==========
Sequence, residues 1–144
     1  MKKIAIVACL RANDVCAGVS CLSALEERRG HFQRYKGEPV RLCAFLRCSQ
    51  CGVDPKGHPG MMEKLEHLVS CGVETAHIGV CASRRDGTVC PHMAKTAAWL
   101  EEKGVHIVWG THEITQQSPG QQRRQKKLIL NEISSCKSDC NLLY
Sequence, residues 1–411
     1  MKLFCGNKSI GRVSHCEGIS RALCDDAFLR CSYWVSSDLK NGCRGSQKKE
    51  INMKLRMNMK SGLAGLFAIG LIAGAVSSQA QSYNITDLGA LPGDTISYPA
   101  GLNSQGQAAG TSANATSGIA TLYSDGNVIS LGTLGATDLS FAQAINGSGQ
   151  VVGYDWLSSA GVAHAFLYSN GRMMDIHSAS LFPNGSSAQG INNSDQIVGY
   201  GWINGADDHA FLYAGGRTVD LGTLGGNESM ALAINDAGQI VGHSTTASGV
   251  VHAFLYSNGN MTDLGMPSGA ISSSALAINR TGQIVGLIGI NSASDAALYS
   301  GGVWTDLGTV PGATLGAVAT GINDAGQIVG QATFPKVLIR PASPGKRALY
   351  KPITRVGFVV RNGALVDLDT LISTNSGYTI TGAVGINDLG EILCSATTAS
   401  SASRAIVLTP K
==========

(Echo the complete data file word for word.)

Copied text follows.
Sequence, residues 1–144
     1  MKKIAIVACL RANDVCAGVS CLSALEERRG HFQRYKGEPV RLCAFLRCSQ
    51  CGVDPKGHPG MMEKLEHLVS CGVETAHIGV CASRRDGTVC PHMAKTAAWL
   101  EEKGVHIVWG THEITQQSPG QQRRQKKLIL NEISSCKSDC NLLY
Sequence, residues 1–411
     1  MKLFCGNKSI GRVSHCEGIS RALCDDAFLR CSYWVSSDLK NGCRGSQKKE
    51  INMKLRMNMK SGLAGLFAIG LIAGAVSSQA QSYNITDLGA LPGDTISYPA
   101  GLNSQGQAAG TSANATSGIA TLYSDGNVIS LGTLGATDLS FAQAINGSGQ
   151  VVGYDWLSSA GVAHAFLYSN GRMMDIHSAS LFPNGSSAQG INNSDQIVGY
   201  GWINGADDHA FLYAGGRTVD LGTLGGNESM ALAINDAGQI VGHSTTASGV
   251  VHAFLYSNGN MTDLGMPSGA ISSSALAINR TGQIVGLIGI NSASDAALYS
   301  GGVWTDLGTV PGATLGAVAT GINDAGQIVG QATFPKVLIR PASPGKRALY
   351  KPITRVGFVV RNGALVDLDT LISTNSGYTI TGAVGINDLG EILCSATTAS
   401  SASRAIVLTP K